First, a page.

Thursday, August 21, 2008

Corporate volunteering builds teamwork, improves employee retention

Looking to build teamwork in the office, but running out of ideas? Ditch the office and volunteer.

More than just a fun day out, volunteering strengthens employee bonds and improves teamwork. Bosses value volunteering because of the positive image it creates for the company in the eyes of the community.

Of course the community will appreciate it, but your employees will love it. When employees are engaged, happy and know their employer is doing good in the community, they’ll be hard-pressed to leave.

Whether it’s painting a nursing home activity center, planting a garden or setting up a neighborhood playground, employees work toward a common goal that is tangible and something they can share pride in.

Major companies like IBM, Ernst & Young, and UPS have been featured in Forbes and the Wall Street Journal for their philanthropic work in the community. Some are even saying that getting paid to volunteer is the next trend in corporate perks.

Your company may not have the same size budget as major retailers and community service leaders like Gap and Target, you can still create a program where employees get paid to give back.

Designing a employee volunteer program starts with four key steps, according to Tory Johnson at World Volunteer Web. Employers must determine their goals for volunteering, then select the right project, create a schedule and monitor the progress.

Here are some great places to get started:

Habitat for Humanity - help build a home for a deserving local family.

Meals on Wheels - deliver a meals to people in need.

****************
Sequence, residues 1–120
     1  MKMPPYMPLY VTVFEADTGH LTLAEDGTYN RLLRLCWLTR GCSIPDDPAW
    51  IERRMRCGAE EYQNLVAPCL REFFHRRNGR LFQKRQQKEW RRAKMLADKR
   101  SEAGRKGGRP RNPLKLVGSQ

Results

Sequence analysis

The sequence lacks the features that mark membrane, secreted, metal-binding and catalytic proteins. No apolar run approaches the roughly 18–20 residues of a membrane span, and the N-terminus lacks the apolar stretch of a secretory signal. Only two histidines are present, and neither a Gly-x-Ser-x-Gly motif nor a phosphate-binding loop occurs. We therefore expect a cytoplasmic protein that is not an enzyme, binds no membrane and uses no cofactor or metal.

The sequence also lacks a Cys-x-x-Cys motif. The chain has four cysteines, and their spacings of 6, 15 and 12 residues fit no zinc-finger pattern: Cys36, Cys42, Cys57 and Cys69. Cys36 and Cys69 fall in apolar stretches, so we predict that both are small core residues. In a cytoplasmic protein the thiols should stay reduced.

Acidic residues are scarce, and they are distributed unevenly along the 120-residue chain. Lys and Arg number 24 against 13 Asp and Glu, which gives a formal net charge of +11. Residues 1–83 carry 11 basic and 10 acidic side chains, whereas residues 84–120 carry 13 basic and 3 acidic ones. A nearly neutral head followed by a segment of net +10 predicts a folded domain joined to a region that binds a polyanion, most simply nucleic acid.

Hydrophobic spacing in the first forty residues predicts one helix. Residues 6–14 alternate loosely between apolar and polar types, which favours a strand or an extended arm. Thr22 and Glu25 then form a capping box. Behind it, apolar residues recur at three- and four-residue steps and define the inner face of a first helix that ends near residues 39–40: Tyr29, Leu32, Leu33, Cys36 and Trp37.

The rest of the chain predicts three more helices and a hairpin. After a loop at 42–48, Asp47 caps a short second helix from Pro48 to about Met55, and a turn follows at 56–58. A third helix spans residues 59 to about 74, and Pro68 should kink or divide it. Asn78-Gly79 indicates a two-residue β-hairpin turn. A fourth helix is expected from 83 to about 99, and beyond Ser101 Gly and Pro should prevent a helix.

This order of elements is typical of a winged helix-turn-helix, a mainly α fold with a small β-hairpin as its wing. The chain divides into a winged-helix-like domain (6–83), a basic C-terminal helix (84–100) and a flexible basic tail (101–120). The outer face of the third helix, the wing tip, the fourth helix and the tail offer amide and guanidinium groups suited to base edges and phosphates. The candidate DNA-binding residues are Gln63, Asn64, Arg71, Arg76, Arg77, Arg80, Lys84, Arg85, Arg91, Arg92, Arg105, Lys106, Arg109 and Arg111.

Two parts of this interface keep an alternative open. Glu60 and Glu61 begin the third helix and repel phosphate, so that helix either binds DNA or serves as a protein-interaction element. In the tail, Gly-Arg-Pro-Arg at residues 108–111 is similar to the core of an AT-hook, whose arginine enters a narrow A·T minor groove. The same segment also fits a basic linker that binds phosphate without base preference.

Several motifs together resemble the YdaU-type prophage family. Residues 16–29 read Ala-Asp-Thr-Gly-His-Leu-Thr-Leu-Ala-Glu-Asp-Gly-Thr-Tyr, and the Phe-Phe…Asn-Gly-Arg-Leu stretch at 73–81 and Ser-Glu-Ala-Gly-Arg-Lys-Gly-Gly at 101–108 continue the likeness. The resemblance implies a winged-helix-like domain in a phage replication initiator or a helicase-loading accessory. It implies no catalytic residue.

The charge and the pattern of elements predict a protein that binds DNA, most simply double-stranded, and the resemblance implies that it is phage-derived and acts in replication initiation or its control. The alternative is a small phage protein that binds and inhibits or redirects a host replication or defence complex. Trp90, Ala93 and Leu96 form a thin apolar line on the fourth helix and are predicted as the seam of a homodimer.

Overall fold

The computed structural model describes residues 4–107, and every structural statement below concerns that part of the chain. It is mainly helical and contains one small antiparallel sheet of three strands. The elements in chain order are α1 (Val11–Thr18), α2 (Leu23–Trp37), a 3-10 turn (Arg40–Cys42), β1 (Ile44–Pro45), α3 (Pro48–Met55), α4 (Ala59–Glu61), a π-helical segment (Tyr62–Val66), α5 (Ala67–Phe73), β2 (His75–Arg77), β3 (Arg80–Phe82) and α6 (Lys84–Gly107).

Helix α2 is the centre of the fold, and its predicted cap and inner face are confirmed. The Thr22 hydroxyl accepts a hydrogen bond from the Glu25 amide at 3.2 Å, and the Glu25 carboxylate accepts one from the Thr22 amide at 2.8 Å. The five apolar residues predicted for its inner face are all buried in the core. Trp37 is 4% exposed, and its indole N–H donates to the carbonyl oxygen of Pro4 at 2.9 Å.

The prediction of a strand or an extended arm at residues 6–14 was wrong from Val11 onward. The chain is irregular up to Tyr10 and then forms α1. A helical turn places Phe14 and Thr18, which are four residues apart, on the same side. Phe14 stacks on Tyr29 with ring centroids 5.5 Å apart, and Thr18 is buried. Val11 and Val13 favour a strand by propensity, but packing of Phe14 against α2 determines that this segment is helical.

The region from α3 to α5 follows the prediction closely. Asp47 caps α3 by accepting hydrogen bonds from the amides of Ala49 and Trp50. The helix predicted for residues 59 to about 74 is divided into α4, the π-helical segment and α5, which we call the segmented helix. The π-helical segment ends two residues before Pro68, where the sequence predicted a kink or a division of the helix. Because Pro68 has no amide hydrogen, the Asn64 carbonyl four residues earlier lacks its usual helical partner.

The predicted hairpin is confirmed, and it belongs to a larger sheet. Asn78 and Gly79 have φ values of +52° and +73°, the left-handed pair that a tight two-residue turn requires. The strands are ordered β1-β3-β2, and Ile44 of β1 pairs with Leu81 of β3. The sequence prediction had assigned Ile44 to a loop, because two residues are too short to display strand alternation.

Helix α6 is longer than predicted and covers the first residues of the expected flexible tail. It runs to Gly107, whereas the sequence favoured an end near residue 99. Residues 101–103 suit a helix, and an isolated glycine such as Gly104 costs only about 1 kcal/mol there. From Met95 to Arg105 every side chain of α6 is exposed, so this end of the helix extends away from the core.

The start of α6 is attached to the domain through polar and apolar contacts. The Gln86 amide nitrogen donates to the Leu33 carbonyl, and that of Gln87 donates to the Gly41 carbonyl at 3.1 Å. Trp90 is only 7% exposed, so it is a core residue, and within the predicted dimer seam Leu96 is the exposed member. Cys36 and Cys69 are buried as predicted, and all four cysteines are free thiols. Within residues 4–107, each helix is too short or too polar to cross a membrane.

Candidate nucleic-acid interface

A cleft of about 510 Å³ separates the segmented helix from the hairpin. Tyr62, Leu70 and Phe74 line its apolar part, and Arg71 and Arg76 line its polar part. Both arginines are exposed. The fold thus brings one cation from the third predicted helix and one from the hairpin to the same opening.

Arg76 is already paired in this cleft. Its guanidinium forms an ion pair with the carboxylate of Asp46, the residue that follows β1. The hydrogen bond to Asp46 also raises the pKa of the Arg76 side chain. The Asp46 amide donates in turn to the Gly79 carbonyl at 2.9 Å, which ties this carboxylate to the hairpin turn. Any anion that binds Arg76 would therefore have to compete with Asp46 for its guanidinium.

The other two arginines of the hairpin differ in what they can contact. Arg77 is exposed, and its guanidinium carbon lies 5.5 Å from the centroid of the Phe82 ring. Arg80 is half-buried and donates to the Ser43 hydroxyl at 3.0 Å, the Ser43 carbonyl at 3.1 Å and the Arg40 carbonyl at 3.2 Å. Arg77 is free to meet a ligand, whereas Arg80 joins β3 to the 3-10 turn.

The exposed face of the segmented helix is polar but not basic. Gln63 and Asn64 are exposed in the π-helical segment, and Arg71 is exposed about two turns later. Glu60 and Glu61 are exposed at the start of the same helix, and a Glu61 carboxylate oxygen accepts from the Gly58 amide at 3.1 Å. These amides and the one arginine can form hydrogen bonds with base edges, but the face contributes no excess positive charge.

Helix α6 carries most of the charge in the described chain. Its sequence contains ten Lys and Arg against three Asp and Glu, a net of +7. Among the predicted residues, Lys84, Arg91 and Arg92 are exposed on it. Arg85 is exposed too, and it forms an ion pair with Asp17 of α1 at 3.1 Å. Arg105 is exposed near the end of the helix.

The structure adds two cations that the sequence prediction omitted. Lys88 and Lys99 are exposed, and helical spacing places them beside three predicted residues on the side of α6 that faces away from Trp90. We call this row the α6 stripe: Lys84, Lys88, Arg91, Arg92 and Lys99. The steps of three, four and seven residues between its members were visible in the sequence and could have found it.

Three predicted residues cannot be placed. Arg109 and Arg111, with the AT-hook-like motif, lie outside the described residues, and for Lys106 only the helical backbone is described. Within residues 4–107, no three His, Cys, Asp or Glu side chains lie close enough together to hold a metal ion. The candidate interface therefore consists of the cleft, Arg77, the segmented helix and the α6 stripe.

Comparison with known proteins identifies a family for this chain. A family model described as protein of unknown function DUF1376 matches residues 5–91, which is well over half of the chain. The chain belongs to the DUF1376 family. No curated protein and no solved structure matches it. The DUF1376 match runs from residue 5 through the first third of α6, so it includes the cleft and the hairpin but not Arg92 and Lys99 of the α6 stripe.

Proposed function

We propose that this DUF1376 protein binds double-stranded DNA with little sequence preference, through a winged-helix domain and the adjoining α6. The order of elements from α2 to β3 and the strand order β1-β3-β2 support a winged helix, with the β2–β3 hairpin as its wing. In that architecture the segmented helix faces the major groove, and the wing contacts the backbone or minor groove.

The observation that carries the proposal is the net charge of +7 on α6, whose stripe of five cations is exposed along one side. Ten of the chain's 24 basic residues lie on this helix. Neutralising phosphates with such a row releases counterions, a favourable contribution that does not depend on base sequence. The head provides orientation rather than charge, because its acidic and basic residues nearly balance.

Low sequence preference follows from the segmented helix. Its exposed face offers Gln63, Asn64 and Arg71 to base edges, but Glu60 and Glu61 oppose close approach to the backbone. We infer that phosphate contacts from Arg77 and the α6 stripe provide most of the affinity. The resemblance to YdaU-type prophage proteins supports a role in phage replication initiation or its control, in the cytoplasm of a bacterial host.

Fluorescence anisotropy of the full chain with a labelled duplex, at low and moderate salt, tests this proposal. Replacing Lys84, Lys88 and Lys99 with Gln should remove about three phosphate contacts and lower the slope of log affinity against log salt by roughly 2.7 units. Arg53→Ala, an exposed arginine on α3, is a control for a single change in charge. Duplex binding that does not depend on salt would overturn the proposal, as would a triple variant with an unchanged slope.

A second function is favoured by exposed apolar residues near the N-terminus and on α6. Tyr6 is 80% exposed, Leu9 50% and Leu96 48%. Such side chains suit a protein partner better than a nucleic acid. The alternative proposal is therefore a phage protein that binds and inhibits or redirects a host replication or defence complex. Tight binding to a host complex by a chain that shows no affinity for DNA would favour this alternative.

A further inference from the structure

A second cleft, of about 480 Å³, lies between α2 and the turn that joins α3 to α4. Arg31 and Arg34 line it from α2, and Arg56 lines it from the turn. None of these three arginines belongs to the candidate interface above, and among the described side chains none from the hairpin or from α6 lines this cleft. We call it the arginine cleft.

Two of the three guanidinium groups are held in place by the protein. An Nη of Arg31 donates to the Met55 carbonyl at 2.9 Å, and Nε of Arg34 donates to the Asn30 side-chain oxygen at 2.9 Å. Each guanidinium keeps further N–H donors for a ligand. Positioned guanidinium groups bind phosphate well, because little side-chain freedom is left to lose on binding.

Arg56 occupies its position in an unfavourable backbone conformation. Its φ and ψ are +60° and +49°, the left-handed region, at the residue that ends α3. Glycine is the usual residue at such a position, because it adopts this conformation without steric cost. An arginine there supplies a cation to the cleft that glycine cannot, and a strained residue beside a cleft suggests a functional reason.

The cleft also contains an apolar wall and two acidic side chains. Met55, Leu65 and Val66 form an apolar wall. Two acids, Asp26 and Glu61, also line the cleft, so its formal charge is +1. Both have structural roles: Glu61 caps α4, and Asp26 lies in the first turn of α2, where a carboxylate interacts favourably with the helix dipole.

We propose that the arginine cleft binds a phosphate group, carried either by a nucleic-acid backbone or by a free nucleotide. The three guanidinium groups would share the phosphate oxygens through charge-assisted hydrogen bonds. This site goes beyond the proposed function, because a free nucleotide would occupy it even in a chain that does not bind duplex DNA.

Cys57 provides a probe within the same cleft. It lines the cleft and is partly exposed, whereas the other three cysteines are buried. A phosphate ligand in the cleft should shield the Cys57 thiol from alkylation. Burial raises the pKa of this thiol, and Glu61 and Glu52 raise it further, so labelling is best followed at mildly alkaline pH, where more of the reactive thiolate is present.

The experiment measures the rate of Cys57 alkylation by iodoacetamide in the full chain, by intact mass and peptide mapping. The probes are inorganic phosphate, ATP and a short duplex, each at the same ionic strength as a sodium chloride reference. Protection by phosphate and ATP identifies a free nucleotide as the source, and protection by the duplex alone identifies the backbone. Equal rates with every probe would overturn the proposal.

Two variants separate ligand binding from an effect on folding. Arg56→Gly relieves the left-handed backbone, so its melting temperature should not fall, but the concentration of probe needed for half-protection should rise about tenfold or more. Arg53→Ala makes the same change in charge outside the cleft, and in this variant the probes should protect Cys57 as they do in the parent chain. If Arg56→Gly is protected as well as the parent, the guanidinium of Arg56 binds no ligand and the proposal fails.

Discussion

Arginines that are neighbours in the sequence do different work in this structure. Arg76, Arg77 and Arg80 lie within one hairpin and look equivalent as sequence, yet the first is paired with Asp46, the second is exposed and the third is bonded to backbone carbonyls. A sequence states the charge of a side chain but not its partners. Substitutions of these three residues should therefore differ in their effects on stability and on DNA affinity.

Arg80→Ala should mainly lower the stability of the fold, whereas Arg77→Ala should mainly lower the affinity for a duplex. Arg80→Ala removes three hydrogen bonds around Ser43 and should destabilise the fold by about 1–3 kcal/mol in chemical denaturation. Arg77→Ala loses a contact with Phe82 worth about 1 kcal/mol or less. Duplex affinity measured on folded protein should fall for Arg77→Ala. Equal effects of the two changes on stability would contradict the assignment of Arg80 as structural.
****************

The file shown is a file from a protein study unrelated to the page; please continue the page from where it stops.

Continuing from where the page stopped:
American Red Cross
- support community members devastated by disaster.

Volunteer Match - find volunteer opportunities in your area.


mary said...

Great post - and great ideas! From an employee standpoint, not only do these types of organized volunteer efforts give you a new appreciation for your employer, but it gives you the opportunity to share a positive experience with your co-workers, strengthening or creating a bond outside of the office and improving morale within it.

Ethan said...

Thank you for the comment about corporate training and team work. I have purchased a book called “NO PROPS” recently and it is really helpful and entertaining. The book is about some of the best games, energizers, trust exercises and group problem-solving activities use no equipment whatsoever. This book describes 130 no-prop ice-breakers, warm-ups, initiatives, and many fun games. Especially the team building games is one of the great advantages of this book.

Ice-Breakers & Group Games That Work 'No Props: Great Games with No Equipment' by Mark Collard

These high energy, interactive, full-on fun activities are ideal for developing self-esteem and team skills with your group. Suitable for all ages, can be easily adapted for people of all abilities. The author shares many pearls of wisdom regarding effective leadership skills and how to get the most out of your program.

For more information do visit the below link:

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